CARTOONING SYNDICATION NEWS ABOUT SYNDICATES AND CARTOONISTS
Cartooning Syndication News
Cartooning syndication news always piqued my curiosity in Editor & Publisher magazine’s ‘Syndicate / News Services’ section and I stumbled upon this old article from their October 6, 1990 issue. Of particular interest was this story I thought I’d share where a syndicate was actually charging $1,500 to submit their stories.
Syndicates charging for reviews?
I guess I saved it because of the audacious nature of the syndicate to begin with. As most cartooning aficionados know, there are no syndicates who actually charge, for reviewing work. In fact, it’s the other way around…syndicates pay the author or cartoonist for their submission if they believe it has potential with subscribing newspapers.
Syndication tactics that don’t work
The American News Network syndicate was literally charging this absurd amount, even before they represented potential authors! Mind you, this was almost thirty years ago and $1,500 went a lot further than it does now I think. ANN considered this a “performance bond” in it’s contract. As you’ll read the article further, you’ll realize it as a scam, since they never returned all of the phone calls made by Editor & Publisher who wanted to interview them. In fact, they never even answered phone calls after a while.
Back in the 1980’s and into the 90’s, there were many active syndicates large and small and in between. Many were even self-syndicating their own features and I realized early on that I could also self syndicate cartoons I had on file also.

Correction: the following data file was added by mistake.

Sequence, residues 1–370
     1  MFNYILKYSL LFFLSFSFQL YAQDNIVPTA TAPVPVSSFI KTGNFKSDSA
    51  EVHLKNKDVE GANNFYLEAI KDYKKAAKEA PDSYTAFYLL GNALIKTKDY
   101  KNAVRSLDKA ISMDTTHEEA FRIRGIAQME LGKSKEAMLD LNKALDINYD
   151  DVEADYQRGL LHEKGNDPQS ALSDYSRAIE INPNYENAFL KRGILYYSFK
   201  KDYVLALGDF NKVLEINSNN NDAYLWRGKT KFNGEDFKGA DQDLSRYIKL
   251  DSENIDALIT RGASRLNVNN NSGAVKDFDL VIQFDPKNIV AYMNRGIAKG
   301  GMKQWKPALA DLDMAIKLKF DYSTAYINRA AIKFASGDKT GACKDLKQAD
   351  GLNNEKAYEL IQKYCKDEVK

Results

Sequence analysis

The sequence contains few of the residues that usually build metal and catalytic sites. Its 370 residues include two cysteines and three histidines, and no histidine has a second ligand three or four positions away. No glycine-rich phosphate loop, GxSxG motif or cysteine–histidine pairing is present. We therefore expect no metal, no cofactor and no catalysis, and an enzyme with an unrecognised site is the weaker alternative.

Cartooning syndication news about syndicates and features
Cartooning syndication news was very abundant in those days (thanks in part to Dave Astor and his fine work at E&P) since the internet was almost non existent or at the very least unpopular unlike it is now. One extremely interesting snippet from this same page that cartooning fans may like, is the promotional information United Features syndicate used in order to introduce Sparky’s Peanuts comic strip. A very unique cartoonist press release from back in time! The greatest comic strip of all time was officially launched on October 2nd 1950 as is evidenced in this larger scan I am providing here. And see that other display ad for a cartoon by Olin Miller called ‘Hi Nabor’ that was distributed by Chicago Sun Times Syndicate.
In this new era of syndication, there are not as many competing syndicates, although the level of talent has not decreased, it means the existing syndicates now get large volumes of comic strips and columns submitted each year. This doesn’t include cartoonists who are also offering their cartoons online or who offer cartoons for newspapers through their web sites.